US Ambassador Tom Nides said Tuesday that he does not believe Prime Minister Benjamin Netanyahu’s government will unilaterally advance the entirety of its legislative package to overhaul the judiciary.
“I do not believe we’re going to wake up and they’re going to do all of this legislation unilaterally… My hope is that they will not do everything unilaterally because I think the reaction here would be quite dramatic,” Nides said during a virtual event organized by the Jewish Democratic Council of America, referencing the magnitude of anti-overhaul protests of recent months.
Netanyahu’s coalition began unilaterally advancing a relatively small part of the overhaul package this week in legislation to restrict judicial review, but some critics fear that the government is merely seeking to break up its advancement of the plan, rather than all of it at once, recognizing that the blowback from the latter strategy would be much more fierce.
Nides went on to maintain that the overhaul “was never [Netanyahu’s] major objective [when he became] prime minister. His coalition partners have a different objective,” but the premier is more interested in combating Iran and securing a normalization agreement with Saudi Arabia.
Commenting on the protest movement against the overhaul, Nides said it demonstrates that “democracy is alive and well in Israel,” and claimed that no one has been arrested and that there’s been no property damage.
Just hours earlier though, six protesters were arrested for burning tires outside Justice Minister Yariv Levin’s Modiin home. Others have been arrested for blocking roads and other forms of public disturbances throughout the ongoing 26-week protest.
US President Joe Biden’s administration has warned Israel against advancing the controversial plan unveiled in early January, instead urging Jerusalem to only adopt judicial reforms that have widespread support.
Biden himself said in late March that Netanyahu would not be getting an invite to the White House in the “near term,” amid Washington’s displeasure with the radical nature of the proposals initially put forward by Levin.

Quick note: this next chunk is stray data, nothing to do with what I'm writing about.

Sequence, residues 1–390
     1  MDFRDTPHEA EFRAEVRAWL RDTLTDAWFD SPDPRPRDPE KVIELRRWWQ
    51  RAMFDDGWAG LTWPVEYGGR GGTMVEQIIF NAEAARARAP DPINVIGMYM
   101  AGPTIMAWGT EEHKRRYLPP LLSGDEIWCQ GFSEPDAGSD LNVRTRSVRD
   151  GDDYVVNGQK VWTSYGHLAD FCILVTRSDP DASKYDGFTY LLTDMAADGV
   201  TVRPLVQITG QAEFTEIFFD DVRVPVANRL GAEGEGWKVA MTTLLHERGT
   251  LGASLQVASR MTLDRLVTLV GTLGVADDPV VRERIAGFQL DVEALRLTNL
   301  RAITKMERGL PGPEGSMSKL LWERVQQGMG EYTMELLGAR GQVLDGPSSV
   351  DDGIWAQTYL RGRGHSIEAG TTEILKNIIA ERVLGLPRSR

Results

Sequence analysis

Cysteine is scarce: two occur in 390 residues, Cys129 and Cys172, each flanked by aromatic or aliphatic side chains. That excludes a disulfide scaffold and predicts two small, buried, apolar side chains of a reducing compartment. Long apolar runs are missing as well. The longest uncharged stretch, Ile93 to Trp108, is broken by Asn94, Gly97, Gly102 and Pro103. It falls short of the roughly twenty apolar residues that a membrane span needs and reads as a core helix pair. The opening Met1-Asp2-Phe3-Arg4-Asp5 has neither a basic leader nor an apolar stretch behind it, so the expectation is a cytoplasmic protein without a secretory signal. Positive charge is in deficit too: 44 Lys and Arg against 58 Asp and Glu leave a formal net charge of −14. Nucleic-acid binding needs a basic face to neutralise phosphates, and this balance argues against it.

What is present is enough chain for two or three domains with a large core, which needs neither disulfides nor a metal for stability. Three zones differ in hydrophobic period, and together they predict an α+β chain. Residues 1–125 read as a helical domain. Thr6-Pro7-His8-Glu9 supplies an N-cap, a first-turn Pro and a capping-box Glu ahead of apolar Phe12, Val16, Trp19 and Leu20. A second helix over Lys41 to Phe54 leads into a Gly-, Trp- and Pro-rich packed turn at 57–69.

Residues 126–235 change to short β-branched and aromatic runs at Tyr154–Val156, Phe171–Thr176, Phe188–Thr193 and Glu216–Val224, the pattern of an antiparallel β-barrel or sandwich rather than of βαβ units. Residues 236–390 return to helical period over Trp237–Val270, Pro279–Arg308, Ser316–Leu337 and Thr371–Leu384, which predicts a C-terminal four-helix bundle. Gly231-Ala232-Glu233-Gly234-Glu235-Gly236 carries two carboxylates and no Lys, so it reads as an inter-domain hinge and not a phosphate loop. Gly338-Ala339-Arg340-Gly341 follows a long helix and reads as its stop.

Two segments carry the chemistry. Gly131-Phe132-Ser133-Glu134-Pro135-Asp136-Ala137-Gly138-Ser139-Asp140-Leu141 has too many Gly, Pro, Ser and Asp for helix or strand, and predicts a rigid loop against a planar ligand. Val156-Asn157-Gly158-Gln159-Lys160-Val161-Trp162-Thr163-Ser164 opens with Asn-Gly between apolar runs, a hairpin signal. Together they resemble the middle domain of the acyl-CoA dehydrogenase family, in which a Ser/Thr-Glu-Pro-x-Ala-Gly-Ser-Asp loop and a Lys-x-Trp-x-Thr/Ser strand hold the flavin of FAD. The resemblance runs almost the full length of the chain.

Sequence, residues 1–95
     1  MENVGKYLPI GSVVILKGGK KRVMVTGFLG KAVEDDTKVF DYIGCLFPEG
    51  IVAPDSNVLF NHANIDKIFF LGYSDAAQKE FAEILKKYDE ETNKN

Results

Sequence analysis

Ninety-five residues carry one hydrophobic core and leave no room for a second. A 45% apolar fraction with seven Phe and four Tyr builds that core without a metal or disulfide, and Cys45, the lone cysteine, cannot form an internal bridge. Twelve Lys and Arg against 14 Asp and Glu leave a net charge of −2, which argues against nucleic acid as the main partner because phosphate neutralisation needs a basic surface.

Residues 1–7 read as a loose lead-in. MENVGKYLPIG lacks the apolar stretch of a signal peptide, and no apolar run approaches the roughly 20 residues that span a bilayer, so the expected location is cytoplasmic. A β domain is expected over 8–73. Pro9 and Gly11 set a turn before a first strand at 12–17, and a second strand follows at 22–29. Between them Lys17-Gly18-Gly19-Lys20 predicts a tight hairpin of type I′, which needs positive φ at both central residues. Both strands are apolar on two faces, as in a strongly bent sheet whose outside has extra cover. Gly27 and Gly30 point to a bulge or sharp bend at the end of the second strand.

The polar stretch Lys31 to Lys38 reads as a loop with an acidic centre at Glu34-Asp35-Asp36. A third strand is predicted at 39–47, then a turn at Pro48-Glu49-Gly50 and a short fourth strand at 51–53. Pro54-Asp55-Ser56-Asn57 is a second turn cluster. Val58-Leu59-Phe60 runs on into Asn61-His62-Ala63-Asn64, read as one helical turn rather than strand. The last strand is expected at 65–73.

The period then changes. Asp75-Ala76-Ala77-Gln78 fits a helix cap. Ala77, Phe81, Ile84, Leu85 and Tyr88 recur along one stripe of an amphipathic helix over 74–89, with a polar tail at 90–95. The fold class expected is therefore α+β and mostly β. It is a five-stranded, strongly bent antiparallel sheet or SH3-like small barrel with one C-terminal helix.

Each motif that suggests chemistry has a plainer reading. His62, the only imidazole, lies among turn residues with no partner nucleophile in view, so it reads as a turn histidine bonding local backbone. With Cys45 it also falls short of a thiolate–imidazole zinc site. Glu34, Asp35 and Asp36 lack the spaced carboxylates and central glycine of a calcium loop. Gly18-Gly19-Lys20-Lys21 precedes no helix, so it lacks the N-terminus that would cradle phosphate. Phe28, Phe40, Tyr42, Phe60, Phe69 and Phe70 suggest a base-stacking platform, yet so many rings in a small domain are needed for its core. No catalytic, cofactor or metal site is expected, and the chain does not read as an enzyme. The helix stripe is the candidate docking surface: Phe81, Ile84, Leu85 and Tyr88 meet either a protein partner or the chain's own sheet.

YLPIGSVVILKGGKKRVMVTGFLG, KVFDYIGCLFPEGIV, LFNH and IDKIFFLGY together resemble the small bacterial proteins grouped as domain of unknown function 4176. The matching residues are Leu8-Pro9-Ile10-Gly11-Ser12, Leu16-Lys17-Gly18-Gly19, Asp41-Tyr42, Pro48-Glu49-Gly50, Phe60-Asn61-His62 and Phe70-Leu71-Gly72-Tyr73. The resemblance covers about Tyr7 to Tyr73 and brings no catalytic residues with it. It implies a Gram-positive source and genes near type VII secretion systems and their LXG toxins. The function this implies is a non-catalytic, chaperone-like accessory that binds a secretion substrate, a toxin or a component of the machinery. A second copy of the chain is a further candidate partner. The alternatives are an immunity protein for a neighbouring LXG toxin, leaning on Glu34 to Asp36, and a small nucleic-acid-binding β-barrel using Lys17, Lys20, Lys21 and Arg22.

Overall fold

Nides was asked about the lack of a White House invitation and insisted that one would come eventually, while avoiding getting into specifics and pointing out that Netanyahu has already been in the Oval Office more than just about every other foreign leader.
Asked about the administration’s efforts to broker a normalization agreement between Israel and Saudi Arabia, Nides said Biden has directed his most senior advisers to try and “to see if there is an opportunity” to reach a deal and has “been willing to spend some political capital” in the process.
Nides acknowledged that it was a complicated task but said it was worth trying, as it would benefit all countries involved and would amount to Israel making peace with “most of the Muslim world.”
The ambassador went on to take pride in a series of measures he helped advance to improve Palestinian livelihood — expanding the operating hours of at the Allenby Crossing between the West Bank and Jordan, expanding 4G cellular access for Palestinians, boosting funding for the East Jerusalem Hospital Network, and expanding fuel and electricity access in the West Bank and Gaza. Most of those initiatives have yet to be completed, but Nides has been working to ensure that they get across the finish line in the coming months.
The envoy insisted that he and the administration still support a two-state solution but argued that conditions are not ripe for one to come to fruition and that steps taken to improve Palestinian livelihood should be taken in the meantime.
Nides is set to step down from his post on July 12, and current deputy ambassador Stephanie Hallett will serve as the interim head of mission.
While the White House has put together an initial list of potential nominees to replace Nides — whose tenure will only have been 19 months long — an announcement on a nominee for his replacement is not expected in the near future, according to a US official familiar with the matter.